My final crisis of the day was the least expected of all, as it involved myself and an inanimate object. Though rude email correspondence and poor caregiving enrage me, nothing inspires in me such deep hatred and explosive anger as BART turnstiles. No one can attest to this further than my sister, who once witnessed the turnstile closing in on my pregnant belly. She won my eternal gratitude at that moment for holding me tight and telling me “just cry” as I broke down in tears in the middle of a crowded BART station while the rest of my family looked on, befuddled. Since then I have avoided BART at all costs and, when forced, I approach the fast-moving gates with growing anger and anxiety until I literally propel myself through it, amazed all the while at the weary commuters for whom this daily experience is not an upsetting or momentous event.
My approach this time was the same, but somehow the hard red plastic gates closed in on me nonetheless, catching my left hip and right thigh in its painful vise grip and causing me to scream out “fuck this!” in highly uncharacteristic loud, public fashion. Apparently screaming obscenities in a BART station is normal for the daily commuters, who barely glanced over, let alone offered a sympathetic look. I was infuriated. My pleasant baby-free evening at a glee club rehearsal (could I have been more happy?) was instantly ruined by this unprovoked attack. But somehow my how’s-that-working-for-you revenge-or-educate creed applied even to this dirty metallic machine, so, sighing in resignation, I approached the station agent and asked him to tell me what I was doing wrong. Educate me. With surprising friendliness and patience, he asked if I was often carrying a shoulder bag. “Yes, usually,” I replied, and he explained that when I carry it in front of me (as I had been in order to shield myself) the sensor triggers it to close. My rage gave way to a genuine smile as he watched me pass, unhurt, through the turnstile, waving me off.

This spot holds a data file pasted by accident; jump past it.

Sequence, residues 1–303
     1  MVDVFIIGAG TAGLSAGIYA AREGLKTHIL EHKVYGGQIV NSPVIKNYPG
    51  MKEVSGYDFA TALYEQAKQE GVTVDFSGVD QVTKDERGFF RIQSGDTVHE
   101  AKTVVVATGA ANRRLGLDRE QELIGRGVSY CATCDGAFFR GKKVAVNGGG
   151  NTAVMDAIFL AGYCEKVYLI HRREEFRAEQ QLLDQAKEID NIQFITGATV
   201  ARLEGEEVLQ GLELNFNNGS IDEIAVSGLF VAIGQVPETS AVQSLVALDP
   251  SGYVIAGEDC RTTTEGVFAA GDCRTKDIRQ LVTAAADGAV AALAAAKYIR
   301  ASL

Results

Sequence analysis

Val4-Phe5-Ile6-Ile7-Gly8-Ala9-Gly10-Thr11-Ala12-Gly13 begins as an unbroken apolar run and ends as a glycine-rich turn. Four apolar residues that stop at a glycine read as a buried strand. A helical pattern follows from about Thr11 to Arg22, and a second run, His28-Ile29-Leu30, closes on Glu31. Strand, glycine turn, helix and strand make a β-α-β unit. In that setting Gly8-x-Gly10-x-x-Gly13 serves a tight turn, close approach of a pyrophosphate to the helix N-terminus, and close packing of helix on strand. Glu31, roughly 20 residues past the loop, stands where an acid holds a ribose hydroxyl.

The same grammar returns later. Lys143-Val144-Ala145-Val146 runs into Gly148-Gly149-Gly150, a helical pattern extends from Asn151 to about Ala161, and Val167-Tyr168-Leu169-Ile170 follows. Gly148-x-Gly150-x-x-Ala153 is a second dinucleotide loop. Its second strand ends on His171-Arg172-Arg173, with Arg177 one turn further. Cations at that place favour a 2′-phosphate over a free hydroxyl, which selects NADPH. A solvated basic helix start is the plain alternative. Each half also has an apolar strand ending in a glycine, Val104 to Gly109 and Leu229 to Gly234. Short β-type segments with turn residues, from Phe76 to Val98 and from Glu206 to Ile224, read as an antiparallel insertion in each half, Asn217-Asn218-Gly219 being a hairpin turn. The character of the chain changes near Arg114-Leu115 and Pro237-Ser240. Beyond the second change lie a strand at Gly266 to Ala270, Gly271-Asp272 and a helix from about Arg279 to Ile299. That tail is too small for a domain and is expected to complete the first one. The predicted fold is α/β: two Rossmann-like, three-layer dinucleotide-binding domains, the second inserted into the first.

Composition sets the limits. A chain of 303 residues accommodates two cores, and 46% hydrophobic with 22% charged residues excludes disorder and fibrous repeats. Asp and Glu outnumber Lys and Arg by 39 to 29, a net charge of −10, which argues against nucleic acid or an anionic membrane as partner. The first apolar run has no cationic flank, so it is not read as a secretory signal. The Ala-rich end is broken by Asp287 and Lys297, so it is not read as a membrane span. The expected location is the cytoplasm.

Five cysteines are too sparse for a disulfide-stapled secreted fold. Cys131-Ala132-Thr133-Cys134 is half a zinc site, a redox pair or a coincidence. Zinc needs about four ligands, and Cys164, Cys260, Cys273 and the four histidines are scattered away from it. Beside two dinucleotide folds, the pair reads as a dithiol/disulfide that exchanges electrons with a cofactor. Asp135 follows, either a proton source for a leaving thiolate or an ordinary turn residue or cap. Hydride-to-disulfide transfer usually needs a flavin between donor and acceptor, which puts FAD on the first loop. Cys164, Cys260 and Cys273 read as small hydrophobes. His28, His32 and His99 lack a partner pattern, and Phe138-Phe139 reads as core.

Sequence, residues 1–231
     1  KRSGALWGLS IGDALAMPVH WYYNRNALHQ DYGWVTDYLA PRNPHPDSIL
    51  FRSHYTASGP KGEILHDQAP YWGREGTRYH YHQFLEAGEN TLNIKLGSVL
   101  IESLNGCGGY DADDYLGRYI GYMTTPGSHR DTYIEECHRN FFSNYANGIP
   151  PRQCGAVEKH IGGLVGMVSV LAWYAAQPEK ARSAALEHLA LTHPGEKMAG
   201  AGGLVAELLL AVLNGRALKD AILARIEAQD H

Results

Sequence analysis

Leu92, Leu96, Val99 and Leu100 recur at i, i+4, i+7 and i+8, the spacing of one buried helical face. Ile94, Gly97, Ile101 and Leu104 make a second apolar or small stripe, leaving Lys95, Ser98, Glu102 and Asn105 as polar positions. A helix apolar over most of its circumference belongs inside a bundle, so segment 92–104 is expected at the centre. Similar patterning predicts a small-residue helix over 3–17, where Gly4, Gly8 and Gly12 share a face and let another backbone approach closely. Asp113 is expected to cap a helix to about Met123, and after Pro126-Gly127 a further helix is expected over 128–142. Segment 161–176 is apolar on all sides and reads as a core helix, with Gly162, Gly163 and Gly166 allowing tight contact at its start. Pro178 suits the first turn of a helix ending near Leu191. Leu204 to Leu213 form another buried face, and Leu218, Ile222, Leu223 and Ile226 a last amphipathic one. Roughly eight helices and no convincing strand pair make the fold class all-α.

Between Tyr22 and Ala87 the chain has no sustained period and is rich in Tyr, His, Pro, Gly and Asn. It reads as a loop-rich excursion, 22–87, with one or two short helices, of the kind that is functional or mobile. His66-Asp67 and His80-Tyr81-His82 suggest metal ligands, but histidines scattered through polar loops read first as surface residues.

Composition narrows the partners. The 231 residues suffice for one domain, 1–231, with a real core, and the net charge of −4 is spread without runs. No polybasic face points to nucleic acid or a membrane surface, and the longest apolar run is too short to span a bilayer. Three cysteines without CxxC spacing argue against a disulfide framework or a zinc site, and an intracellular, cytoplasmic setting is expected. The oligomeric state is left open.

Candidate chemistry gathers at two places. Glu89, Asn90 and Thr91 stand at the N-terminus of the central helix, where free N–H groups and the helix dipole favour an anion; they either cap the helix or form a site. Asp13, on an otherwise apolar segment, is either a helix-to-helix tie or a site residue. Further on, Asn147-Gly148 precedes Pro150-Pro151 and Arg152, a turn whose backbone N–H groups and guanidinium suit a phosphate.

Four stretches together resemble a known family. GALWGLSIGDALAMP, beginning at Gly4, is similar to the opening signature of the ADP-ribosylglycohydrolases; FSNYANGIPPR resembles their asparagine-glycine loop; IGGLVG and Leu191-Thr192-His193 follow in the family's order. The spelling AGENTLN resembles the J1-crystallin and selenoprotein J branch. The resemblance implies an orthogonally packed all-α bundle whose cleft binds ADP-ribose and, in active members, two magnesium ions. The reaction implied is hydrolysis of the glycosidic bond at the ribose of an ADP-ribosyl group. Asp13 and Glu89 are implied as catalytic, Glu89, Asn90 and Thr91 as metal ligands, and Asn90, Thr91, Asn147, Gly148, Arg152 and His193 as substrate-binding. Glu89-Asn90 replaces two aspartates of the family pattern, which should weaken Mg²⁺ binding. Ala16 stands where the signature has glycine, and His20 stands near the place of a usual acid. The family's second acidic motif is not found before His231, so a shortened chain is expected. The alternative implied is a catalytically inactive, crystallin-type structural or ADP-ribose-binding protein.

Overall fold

It is so easy to blame others (or, apparently, machines) for things that seem so obviously cruel, unfair, or inconsiderate. It is easy to shed all blame and lump it squarely on the offender. We don’t see our role in it at all. The world genuinely does move so much faster now: we’re tripping over each other with our smart phones or swerving wildly on the roads (again, with our smartphones) and we commit offenses and move on before we’ve even noticed them. And no one takes the time to tell us, even though in all likelihood we’d probably apologize and learn. We’re quick to rebuke each other online but find it so difficult to say directly, “hey, it upset me when . . ” or “did you notice . . ?”
There’s that moment before rage builds to a crescendo when we should stop dwelling on how right we are (which we might be) and imagining ways to punish the offender (which they might deserve), and instead remember that this is a teachable moment, a chance to let someone know how their actions affect us. There simply aren’t enough self-proclaimed assholes in the world to justify all the complaining we do about these supposedly rampant callous jerks. If we step up and react to each other with good intent, we might be saving countless others from unintentionally rude emails or unruly kids, or even ourselves from embarrassing displays of public transportation-fueled emotional meltdowns.
Give others a momentary benefit of the doubt, and I’m sure that we can find more compassion for each other, recognize our own shortcomings, and diffuse future problems. Hey, if the BART turnstile and I can do it, anyone can.